During the height of the COVID-19 pandemic, the rate of redundancies across the UK rose quicker than during the 2008 financial crisis. Fortunately, the world is gradually beginning to return to some degree of pre-pandemic normalcy. However, as businesses focus on recovery, it is clear that job losses are far from behind us.
In fact, a recent report by Acas suggests that 1 in 5 employers are considering making redundancies over the next year in an effort to ease financial worries.
COVID-19 recovery is proving to be almost as big a challenge for businesses as the crisis itself. And for many, downsizing the workforce will be the only viable option. But for others, redundancy may not be the ‘magic solution’ that it seems on the surface.
It’s time to rethink redundancies in the post-pandemic landscape, and consider whether identifying alternative solutions could have a more positive overall impact.
The Impact of Redundancy
Many businesses see redundancy as a way to save money. And it is. But it can also have a number of negative impacts. One such impact is employee wellbeing. Which, as we all know, is one of the most urgent issues businesses are facing today.
Illness. Isolation. Grief. Disruption. Frustration. Exhaustion. Anxiety. The pandemic has caused many of us to experience at least one – and sometimes all – of these feelings on a daily basis. Employees are dealing with changes in how they work, and changes in how they live, all at once. And so it’s really not all that surprising to learn that 68% of employers believe the level of wellbeing in the workplace has declined.
Businesses must realise that redundancies don’t just affect those losing their jobs; that the effect can easily and instantly ripple through the entire organisation. Remaining employees wonder if they’re next for the chop. They struggle with the loss of those that have been instrumental in building their professional support system. They take on additional workloads to ‘pull up the slack’, increasing the risk of employee burnout. Redundancy can have significant impacts on everyone in the company.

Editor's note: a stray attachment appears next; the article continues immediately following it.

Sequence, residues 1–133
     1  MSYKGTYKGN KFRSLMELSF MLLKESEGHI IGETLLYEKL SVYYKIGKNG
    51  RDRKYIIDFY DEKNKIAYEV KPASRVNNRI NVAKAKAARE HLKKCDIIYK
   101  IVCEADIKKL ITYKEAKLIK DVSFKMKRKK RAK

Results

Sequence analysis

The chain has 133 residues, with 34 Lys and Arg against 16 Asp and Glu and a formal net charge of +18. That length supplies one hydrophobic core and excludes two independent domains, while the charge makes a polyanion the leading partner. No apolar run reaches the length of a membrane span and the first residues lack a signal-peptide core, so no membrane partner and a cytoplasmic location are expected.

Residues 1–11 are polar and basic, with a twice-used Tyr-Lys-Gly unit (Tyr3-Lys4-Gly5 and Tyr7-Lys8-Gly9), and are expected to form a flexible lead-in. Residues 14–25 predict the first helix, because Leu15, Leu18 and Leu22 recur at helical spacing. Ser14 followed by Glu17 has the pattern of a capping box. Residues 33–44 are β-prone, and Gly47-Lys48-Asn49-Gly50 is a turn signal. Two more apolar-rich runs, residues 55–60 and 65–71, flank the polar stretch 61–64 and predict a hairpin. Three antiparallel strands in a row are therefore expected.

Prior to jumping into redundancy plans, businesses should pause to consider whether there are any alternatives that could help to put the business in a more secure and sustainable financial position, without posing significant risk to workplace wellbeing which could spark a wave of resignations and a large number of vacancies to fill.
Options may include…
- Flexible schedules to accommodate part time work and job sharing
- Reducing or restricting overtime hours
- Internal hiring, filling vacancies with existing staff
- Retraining existing employees for lateral moves into new departments
Unfortunately, alternatives won’t always be suitable, and it is inevitable that businesses will announce redundancies during this difficult period of recovery. Large businesses especially are anticipated to be making cuts, with Acas reporting that those with over 250 employees are 20% more likely than SMEs to make job losses.
Where redundancy is the most justifiable option, it’s crucial that the process is undertaken in a way that remains compliant with current UK legislation. This not only helps to protect the wellbeing of the workforce, but also your business reputation.
Collective Consultation practices must be followed if more than 20 job losses are made within 90 days. You can read the full guidance for making redundancies here.
Support When You Need it Most
At Bond Williams, we’re committed to supporting businesses through this challenging time with advice and assistance relating to all aspects of hiring, onboarding, wellbeing, and retention. Get in touch with our team today for tailored support.